This level of character takes time to develop. It takes years to develop a good reputation.
While nobody perfectly measures up to the leadership qualifications in these passages, we should all strive to achieve them. From a biblical point of view, true leadership and authority are derived from the hand of God.
As the unchanging absolute standard for truth, beauty and goodness, we understand that the immutability of God, that unchanging nature of God is such that there are no perfections that he lacks. There is nothing that is ugly or impure or dishonorable in him.
So, when we look at Isaiah 40, we find a text that provides comfort for the people of God. See, the Sovereign Lord comes with power, and his arm rules for him.
See, his reward is with him, and his recompense accompanies him. He tends his flock like a shepherd: He gathers the lambs in his arms and carries them close to his heart; he gently leads those that have young. But the next verse shifts to a different aspect, a view of his care and tenderness.
God is both supremely powerful and supremely compassionate. He has tremendous authority and command on one hand, but he has incredible tenderness and affection on the other hand.
These are marks of divine authority and leadership. God is not a divine despot but a gracious and merciful Father who nurtures, guides and protects his people as a good shepherd cares for his flock.
Because of his greatness and goodness, we do well to trust him and willingly surrender the control of our lives to him. In comparing himself to a shepherd in John Jesus is the ultimate example of servant leadership.Leaders in the church are to have no moral or behavioral handles that others can grab onto and say, “This disqualifies this person from leadership.” A careful examination of the leader’s qualifications reveals someone who has his or her private (family) and public life in balance.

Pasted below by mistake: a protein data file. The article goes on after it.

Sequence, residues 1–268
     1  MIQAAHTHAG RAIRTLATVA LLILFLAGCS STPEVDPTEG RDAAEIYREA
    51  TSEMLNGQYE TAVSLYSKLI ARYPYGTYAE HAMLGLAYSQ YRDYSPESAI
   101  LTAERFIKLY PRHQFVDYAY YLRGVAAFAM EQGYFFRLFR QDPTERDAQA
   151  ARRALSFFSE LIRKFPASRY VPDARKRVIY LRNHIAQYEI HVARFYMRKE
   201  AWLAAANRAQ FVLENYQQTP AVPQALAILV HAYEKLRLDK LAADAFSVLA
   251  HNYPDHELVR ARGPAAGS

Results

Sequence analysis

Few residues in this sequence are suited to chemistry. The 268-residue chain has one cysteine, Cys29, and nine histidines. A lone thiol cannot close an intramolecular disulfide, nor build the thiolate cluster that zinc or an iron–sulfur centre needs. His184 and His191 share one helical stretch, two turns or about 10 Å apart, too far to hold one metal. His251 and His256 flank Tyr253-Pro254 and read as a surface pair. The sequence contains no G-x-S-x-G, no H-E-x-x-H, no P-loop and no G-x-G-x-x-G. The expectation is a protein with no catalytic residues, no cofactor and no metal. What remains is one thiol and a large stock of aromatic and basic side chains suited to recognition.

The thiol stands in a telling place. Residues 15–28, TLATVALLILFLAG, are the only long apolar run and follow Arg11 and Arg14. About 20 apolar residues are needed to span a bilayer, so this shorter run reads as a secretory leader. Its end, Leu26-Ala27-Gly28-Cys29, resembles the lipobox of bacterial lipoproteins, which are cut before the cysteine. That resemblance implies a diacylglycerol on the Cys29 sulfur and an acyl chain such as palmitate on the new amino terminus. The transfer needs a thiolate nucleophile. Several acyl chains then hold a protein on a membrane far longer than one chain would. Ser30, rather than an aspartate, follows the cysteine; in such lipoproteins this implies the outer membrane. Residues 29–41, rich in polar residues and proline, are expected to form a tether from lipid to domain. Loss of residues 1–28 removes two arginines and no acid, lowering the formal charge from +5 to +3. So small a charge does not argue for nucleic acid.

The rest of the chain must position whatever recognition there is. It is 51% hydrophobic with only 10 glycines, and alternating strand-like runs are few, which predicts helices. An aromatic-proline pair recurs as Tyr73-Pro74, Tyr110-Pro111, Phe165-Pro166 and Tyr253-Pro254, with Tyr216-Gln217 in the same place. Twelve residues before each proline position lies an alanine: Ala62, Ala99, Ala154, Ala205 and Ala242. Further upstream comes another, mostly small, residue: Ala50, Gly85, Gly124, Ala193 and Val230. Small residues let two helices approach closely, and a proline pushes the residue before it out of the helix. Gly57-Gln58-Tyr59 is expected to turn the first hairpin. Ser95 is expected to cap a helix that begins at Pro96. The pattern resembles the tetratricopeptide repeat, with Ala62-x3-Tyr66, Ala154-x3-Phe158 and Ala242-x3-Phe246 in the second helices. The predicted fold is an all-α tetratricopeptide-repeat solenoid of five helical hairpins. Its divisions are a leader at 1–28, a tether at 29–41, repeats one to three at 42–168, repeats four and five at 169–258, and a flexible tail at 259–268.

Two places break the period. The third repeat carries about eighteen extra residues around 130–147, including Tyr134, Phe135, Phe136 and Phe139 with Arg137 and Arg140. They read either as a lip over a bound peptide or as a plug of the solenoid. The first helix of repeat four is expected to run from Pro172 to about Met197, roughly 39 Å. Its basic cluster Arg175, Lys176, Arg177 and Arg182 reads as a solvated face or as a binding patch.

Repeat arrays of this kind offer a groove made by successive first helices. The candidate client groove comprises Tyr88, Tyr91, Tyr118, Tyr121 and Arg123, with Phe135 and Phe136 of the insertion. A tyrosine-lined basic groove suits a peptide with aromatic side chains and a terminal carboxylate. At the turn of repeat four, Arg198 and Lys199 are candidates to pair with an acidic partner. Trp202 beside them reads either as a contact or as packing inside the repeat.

marriage, a man’s leadership of his home gives insight into his qualifications for leadership in the church. With children, it specifically gives a window into his ability to teach and discipline in a godly way.
Thus, when we consider his children, we look for them to be growing in the Lord and showing respect and submission to their parents. Questions about the Church: What is the church? What is the purpose of the church? Is church attendance important? Elders in Congregational Life: Rediscovering the Biblical Model for Church Leadership [Phil A.
Newton] on ashio-midori.com *FREE* shipping on qualifying offers. (Foreword by Mark Dever) A biblically functioning church requires intentional devotion to the New Testament model of the church. In this practical book. Evaluate the biblical principles of church government Church government is the branch of ecclesiology (study of the church) that addresses the organisational structure and hierarchy of the church.
There are three main models of leadership or church government that have developed in . ashio-midori.com: The New Testament Deacon: The Church's Minister of Mercy (): Alexander Strauch: Books.